It was a good night in the Virginia House of Delegates. Democrats lost 7 seats and Republicans gained an equal number. The Republicans now have the majority in the house: 52 to 48. Yes, that number again.
- New Jersey General Assembly:
We’re still waiting for the full picture, but the Democrats look safe. The Republicans have gained at least four seats and could maybe gain another four.
- New Jersey State Senate:
Again, still waiting, but it looks like the composition will be the same. We cannot, however, avoid the topic of the internet’s new favourite candidate.
New Jersey’s 3rd District has been represented by the same person for twenty years. Stephen Sweeney has been a strong force in New Jersey politics and had a lot of power. In 2010, he became President of the State Senate. Enter Ed Durr. The trucker decided to run this year. He believed that he could get the requisite number of votes, noting that Sweeney had never broke 32,000 votes in a single election. His expenses? About $153 in the primaries. He spent only $5K in the campaign overall, compared to the million Sweeney spent.
- OH-11: Democrat Shontel Brown v Republican Laverne Gore
After its incumbent Marcia Fudge resigned in order to join the Biden administration, OH-11 needed a representative. The congressional district is the most Democratic in the state and the most blue in the Midwest outside of Chicago. Shontel Brown won with 78.8% of the vote, compared to 21.2% for Laverne Gore.
- OH-15: Republican Mike Carey v Democrat Allison Russo
Incumbent Steve Shivers resigned to become a CEO. The safe Republican district returned Mike Carey, who won with 58.3%.
There were a number of Mayoral elections this November. Here are the major ones:
- Boston elected its first female and POC mayor in Michelle Wu. The Republicans didn’t bother to field a candidate.
- NYC returned a Democrat as expected. Retired police officer Eric Adams is mayor-elect. His Republican opponent was founder of The Guardian Angels, Curtis Sliwa.
- Detroit’s mayoral election was officially non-partisan, but it was no surprise that the two major candidates were Democrats. The winner was Mike Duggan in a third consecutive win.
- Miami’s incumbent Francis X. Suarez, a Republican, was re-elected with a respectable 78.16%
- Minneapolis’ candidates were also all Democrats. Incumbent mayor Jacob Frey won in the final round, despite the George Floyd controversy.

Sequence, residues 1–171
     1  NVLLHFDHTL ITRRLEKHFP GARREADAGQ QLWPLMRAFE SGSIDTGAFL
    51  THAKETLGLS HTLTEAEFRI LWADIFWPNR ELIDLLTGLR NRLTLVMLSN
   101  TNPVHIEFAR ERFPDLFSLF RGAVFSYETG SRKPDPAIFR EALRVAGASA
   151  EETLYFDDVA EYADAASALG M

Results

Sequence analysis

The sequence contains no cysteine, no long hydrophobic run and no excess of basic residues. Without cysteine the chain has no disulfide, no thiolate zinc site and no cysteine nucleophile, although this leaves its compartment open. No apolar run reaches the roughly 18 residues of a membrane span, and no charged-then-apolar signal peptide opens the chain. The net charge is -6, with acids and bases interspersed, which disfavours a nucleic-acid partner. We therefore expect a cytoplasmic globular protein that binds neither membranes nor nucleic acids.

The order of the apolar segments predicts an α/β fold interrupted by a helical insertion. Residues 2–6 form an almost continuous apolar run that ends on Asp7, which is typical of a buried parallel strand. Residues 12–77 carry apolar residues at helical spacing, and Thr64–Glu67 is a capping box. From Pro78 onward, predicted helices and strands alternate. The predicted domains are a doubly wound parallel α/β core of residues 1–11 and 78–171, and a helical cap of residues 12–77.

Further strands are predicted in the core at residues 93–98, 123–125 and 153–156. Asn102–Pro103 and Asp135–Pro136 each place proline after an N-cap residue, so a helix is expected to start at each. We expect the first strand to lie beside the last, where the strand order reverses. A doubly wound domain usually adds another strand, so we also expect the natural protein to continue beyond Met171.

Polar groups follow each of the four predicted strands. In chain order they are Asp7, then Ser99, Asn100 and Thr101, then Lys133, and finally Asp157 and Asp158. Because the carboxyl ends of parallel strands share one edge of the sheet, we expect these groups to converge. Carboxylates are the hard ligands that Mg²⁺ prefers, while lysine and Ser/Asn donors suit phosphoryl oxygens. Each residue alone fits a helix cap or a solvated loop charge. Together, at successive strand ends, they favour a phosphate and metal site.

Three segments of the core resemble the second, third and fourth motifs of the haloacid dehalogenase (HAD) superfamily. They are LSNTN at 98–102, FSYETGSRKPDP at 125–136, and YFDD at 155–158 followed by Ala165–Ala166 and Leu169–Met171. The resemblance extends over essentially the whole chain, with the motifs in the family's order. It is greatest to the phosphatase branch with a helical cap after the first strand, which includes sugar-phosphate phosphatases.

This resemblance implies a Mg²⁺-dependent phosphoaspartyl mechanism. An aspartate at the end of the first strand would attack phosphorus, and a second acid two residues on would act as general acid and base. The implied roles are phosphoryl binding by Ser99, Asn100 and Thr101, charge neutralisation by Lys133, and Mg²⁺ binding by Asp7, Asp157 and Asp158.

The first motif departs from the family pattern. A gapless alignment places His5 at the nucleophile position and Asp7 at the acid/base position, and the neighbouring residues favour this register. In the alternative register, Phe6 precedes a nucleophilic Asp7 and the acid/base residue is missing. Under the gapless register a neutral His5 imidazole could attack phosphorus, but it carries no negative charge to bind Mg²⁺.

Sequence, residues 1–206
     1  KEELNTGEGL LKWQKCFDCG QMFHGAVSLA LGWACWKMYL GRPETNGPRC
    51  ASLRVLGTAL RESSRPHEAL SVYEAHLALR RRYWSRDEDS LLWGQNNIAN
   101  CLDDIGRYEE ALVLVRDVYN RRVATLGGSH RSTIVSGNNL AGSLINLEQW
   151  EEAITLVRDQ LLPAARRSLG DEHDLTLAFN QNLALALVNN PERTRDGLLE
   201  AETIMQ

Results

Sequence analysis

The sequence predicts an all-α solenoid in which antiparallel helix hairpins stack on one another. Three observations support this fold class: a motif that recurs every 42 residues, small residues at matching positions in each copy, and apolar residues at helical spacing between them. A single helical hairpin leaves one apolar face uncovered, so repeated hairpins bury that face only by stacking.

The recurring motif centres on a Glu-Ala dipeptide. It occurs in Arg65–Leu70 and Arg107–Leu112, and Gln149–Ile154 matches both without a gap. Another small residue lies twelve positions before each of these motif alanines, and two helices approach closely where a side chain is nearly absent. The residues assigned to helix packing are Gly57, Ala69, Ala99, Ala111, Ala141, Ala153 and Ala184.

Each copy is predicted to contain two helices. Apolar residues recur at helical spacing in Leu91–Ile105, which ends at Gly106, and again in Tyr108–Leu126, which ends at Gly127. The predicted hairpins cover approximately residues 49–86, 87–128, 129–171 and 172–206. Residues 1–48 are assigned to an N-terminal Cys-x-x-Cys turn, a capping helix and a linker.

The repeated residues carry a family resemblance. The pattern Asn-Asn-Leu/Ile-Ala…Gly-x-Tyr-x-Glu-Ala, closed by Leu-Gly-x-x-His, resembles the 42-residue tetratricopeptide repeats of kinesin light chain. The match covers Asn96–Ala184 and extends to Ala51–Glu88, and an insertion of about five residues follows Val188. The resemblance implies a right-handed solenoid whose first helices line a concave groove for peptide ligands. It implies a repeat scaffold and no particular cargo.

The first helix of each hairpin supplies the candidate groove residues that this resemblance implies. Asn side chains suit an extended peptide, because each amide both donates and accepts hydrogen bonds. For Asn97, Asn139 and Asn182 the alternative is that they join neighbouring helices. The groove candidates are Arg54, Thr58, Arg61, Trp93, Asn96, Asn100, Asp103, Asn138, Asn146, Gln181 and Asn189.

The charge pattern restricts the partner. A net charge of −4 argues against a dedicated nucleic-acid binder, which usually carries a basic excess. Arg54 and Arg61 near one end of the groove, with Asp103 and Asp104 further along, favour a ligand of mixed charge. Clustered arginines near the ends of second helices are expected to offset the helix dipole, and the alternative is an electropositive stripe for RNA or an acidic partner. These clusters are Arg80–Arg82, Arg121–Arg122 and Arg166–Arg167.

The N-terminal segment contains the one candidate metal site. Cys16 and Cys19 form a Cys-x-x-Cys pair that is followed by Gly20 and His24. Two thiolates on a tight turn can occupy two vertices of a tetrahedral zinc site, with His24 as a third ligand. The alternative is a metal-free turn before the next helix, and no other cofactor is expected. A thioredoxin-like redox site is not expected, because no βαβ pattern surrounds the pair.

- Atlanta saw another full round of Democratic candidates. Incumbent Keisha Lance Bottoms had decided not to run again. The new mayor-elect is Felicia Moore
- Seattle is another non-partisan show with an all-Democrat list of candidates. The city has been in the news a lot due to riots, Antifa and the Seattle Autonomous Zone. Incumbent Jenny Durkan decided not to run. Bruce Harrell won.
There were municipal elections across the country. The one to talk about is in Seattle. Again, it’s technically a non-partisan position, but a Republican won. In Seattle. Ann Davison has won the race for City Attorney. This position is basically Seattle’s lawyer. Her opponent, Nicole Thomas-Kennedy, is a police abolitionist. Even Seattle can change its mind apparently.
There were several ballot measures in cities and states across America this year. These included voting measures in NYC, bond issues in Rhode Island and tax rates in Louisiana.
Minneapolis takes centre stage again. The home of the George Floyd crisis, the city’s police saw a barrage of attacks from citizens and politicians. Minneapolis’ city council decided to dismantle the police force but a city charter prevented it. A cut to budgets and officers saw an increase in crime, which led to a planned ballot measure in November 2020 being cancelled. This measure was brought up again this election.
The measure is as follows:
‘This amendment would create a Department of Public Safety combining public safety functions through a comprehensive public health approach to be determined by the Mayor and Council. The department would be led by a Commissioner nominated by the Mayor and appointed by the Council. The Police Department, and its chief, would be removed from the City Charter. The Public Safety Department could include police officers, but the minimum funding requirement would be eliminated.’
The ballot failed by 56.17% to 43.83%. Jacob Frey had opposed the measure and two city council members who had supported it lost their seats on Tuesday. Black voters were less likely to support the ballot than whites. Polls showed residents were unhappy about the surge in crime and reticent about cutting police.